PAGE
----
I loved my D600 that I bought last November (2012). On our vacation last week, our rental car got broken into and my entire bag of camera, 3 lenses, SB800 and other goodies was stolen along with another bag of Canon equipment. So, if you are going to South San Francisco, don't leave your gear in your car -- especially at Denny's on 10 Airport Blvd.
The above brings me to my current predicament: should I buy another D600? I started doing more research and i was hit with countless threads on Dust and Oil issues. Being curious, I looked at some of the old shots and there they were - many of them hiding in plain sight.
So, the question is: should I or should I not go back to D600?
I ask this because a lot of forums seem to indicate that this issue has gotten better. Sites like NikonRumors.com, Nikonians.com and DPReview seem to indicate this is normal in most cases. Google Trends shows declining trend for "D600 oil" search as well.
One would hope the reports of cleaner cameras from later batches are correct. But, I don't think anyone can say that definitively.
If you really want one, I suppose you could buy one, check it immediately for dirt on the sensor, run a few hundred shots through it, and then check again under identical test conditions. If the test shows an unusual amount of additional dust, you can return the camera to the retailer, using the test pics as justification. Be sure to choose a retailer who has a favorable and hassle free return policy.
Wed 21-Aug-13 05:27 AM | edited Wed 21-Aug-13 05:30 AM by mpage
My apartment insurance only cover around $1,000 worth of camera equipment. I understand home owners' insurance does not cover extensive amounts of camera equipment either. My Allstate agent suggested an Inland Marine policy that cover $25,000 worth of equipment for around $200 a year. The equipment is covered for loss and damage, both in the apartment, or in the filed. I'm sure other companies have similar policies.
The dust issue is a fact of live with high-quality DSLR cameras. There is a Forum post that covers the issue. It is not difficult to keep a sensor clean:
First, welcome to the Nikonians and sorry to hear about the loss of your D600.
"So, the question is: should I or should I not go back to D600?"
If your alternative is another DSLR, that camera will collect dust over time as well. It's about how quickly dust will accumulate and if there is still a lubricant issue. From what I've read, Nikon appeard to have a problem with the shutter mechanism. It shed shutter material on the sensor plus lubricant was being deposited on the sensor. While indications are that these issues have been addresses, the debate and doubt continue for various reasons.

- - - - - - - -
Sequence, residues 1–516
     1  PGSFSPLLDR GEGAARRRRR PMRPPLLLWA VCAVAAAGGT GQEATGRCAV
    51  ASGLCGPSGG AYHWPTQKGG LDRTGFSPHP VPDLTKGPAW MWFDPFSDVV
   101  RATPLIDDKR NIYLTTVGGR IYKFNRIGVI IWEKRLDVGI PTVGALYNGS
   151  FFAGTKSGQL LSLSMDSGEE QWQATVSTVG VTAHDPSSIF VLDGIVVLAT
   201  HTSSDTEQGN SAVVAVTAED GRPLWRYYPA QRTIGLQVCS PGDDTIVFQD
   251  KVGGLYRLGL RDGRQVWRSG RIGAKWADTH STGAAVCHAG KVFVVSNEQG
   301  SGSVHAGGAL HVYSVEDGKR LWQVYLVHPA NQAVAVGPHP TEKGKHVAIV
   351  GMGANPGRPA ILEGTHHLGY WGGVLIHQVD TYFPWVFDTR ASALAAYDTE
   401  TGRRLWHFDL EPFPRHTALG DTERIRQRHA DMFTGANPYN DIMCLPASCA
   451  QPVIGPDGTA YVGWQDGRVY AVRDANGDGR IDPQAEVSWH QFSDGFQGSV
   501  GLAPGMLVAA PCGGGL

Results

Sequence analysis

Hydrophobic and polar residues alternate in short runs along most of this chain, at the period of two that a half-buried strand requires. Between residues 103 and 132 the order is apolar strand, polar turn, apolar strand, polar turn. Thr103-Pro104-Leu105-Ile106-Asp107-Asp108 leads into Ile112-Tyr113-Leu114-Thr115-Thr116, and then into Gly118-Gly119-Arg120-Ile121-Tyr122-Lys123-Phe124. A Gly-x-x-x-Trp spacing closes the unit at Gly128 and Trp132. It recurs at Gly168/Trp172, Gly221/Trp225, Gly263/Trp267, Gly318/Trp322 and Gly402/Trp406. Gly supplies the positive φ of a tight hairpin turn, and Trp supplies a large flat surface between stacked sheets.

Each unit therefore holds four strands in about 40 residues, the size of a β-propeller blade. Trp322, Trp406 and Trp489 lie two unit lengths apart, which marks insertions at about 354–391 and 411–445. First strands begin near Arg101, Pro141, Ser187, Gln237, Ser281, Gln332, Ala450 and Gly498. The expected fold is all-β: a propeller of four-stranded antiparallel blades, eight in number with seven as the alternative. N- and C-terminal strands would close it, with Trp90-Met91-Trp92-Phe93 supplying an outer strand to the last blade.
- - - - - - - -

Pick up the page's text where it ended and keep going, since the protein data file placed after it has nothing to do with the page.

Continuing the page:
How many of these recent posts are legitimate? Another good question.
In the end you'll simply have to weigh your personal experience with the D600 and it's quality against these posts and decide for yourself.
"Red is gray and yellow white, but we decide which is right ....and which is an illusion"
Thank you for the warm welcome and thank you so much for these replies. This makes me less frustrated with all the stuff I have been reading on D600 issues. I did think about "upgrading" to D800, but that is just too much of a camera for hobbyist like me. Also, I read an article that talked about how D4, D800 and D600 has same internals -- i.e. the issues of shutter particles and such may also affect D800.
I am more comfortable now than before in staying with Nikon and not jumping ship to Canon!
Do a search of the posts about D80 when it was new. Wow! Amusingly, one claim was that your shooting technique had to be nearly perfect, because the camera had 10 megapixels! Also, you would have to buy a new computer to store all that data. While it is true the D80's matrix meter favored darker areas (like shade) it became nearly mantra that the meter was erratic and couldn't be trusted, and that one should instead use spot or center weighted (in fact, that, as with every camera I have ever used - depends on the light).
I expect there are complaints about every camera body, with some notable incorrect assertions.
Use your own judgement. You have shot with a D600 - if you liked it, then get another; if not, try other bodies until you find one you like and can afford.
Do you have a list of the serial numbers of your camera and lenses? It might help you recover your equipment.
D50, D300s, Sigma 18-250mm f3.5-6.3 DC OS HSM, Sigma 10-20mm F4-5.6 EX DC HSM, Nikon AF Nikkor 50mm f/1.8, Nikon AF-S DX Nikkor 35mm f/1.8G, Tokina AT-X PRO DX 11-16mm F/2.8, AT-X PRO D 100mm F/2.8 Macro
yes and no. I have checked the exif info in some of my images and was able to pickup the serial number of my camera. I have also posted that information on http://www.stolencamerafinder.com/. I don't have high hopes of finding it...
I am carefully watching the opinion battle for D600 and D610. If for nothing else, on sidelines until D600 drops in price a little bit more.
I loved my D600 -- even with dust and oil issues. I would have cleaned it without concerns.